A Reflection on the Readings for Saturday of the Fifth Week of Lent
In Youth Ministry we are always trying to find new ways to present old truths without compromising on integrity. Some might say it is a byproduct of trying to fit faith into 140 characters and others would s\y it is just part of making faith manageable in our teens’ busy lives. Whatever the cause might be, it is a challenge of ministry.
Today’s readings brought one of these representations to mind. These are the words that jumped out at me from Ezekiel, “No longer shall they defile themselves with their idols, their abominations, and all their transgressions. I will deliver them from all their sins of apostasy, and cleanse them so that they may be my people and I may be their God.” Now I’m sure you can imagine how well “defile,” “abomination,” and “apostasy” would go over as someone attends their first youth ministry event, but this passage is conveying an age-old truth of our faith: repentance and conversion, while involving us, are ultimately achieved through God’s grace. They begin with God and end with God. And most importantly, God wants to bring us out of our mess, not wait until we get out of it on our own to associate with us.
All of that was represented in a phrase I first heard at a Youth Conference several years ago, “God loves you just as you are, and He loves you too much to leave you that way.” That phrase has since become cliché, but it eloquently communicates what Ezekiel was telling us, and what we find in the mystery we’ll encounter Easter weekend, the crucifixion and the resurrection.
God loves us before repentance and before conversion. John tells us that we only love because God loved us first (1 John4:19). Jesus tells us that “No one has greater love than this, to lay down one’s life for one’s friends” (John 15:13), which sheds incredible light on Paul’s reminder that “But God proves his love for us in that while we were still sinners Christ died for us” (Romans 5:8). If that is not the action of a God who loves us as we are, I don’t know what is.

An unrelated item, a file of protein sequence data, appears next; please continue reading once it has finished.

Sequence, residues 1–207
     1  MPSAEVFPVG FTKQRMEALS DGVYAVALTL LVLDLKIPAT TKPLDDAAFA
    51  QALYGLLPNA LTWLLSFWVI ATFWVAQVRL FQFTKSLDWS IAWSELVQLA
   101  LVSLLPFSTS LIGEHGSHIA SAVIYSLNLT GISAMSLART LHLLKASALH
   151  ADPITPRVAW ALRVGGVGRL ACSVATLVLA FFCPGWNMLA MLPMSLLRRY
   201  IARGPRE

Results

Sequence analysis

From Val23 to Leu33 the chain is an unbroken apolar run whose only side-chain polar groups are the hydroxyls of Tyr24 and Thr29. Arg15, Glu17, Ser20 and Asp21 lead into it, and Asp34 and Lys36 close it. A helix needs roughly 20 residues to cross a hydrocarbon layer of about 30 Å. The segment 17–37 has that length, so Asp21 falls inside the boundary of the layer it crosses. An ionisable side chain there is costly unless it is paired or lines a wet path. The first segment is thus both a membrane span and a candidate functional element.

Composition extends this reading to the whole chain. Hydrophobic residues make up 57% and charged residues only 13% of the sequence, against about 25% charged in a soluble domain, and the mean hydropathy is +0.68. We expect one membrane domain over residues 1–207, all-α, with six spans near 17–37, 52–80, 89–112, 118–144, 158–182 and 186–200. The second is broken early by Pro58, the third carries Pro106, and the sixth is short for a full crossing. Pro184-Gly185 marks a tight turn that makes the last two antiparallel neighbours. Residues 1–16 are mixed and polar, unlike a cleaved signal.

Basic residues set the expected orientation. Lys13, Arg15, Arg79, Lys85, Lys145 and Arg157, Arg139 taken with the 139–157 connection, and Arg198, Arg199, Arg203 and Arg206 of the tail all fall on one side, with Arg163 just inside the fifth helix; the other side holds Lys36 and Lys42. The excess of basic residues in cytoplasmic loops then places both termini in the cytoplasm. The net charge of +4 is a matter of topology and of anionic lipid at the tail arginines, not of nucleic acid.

Beautiful as that is, our faith goes one step further for our salvation does not stop at the cross. Paul tells us that the work of salvation was completed by the resurrection (1 Cor. 15:14, Romans 4:25, Romans 6:1-11). Christ died because He loves us as we are. He rose because He loves us too much to not share His resurrected life with us. In the words of Matt Maher’s “Remembrance,” “Dying you destroyed our death/ rising you restored our life.” This is a life nourished by grace and reflecting God’s love, beauty, goodness, justice, mercy, and peace. However, this sometimes means allowing Him to lead us through our own Good Friday as the parts of our life that are incompatible with the Gospel are redeemed or pruned. This abandonment of sinful habits isn’t easy, just as leaving an unhealthy relationship is difficult, but what Christ is leading us toward is so much greater.
Sometimes however we get the order of operations confused. We think, “If I could just get past this, then God will love me.” So as we approach Holy week, let’s allow the entirety of Christ’s work to enter our consciousness and our life. And let’s remember it in the proper order, God loves us first. He loves us so much that, in Christ, God pursues us, even into our brokenness. Pope Benedict XVI in Deus Caritas Est wrote, “So great is God’s love for man that by becoming man he follows him even into death, and so reconciles justice and love” (10). Take to heart the deep love that God has for you, a love that follows us into death, and the great desire He has for you. For when we know the gift of God’s love and return that gift as our love, we can hardly stay the same.
– Spencer Hargadon
Originally posted by Ite Missa Est here on March 28, 2015.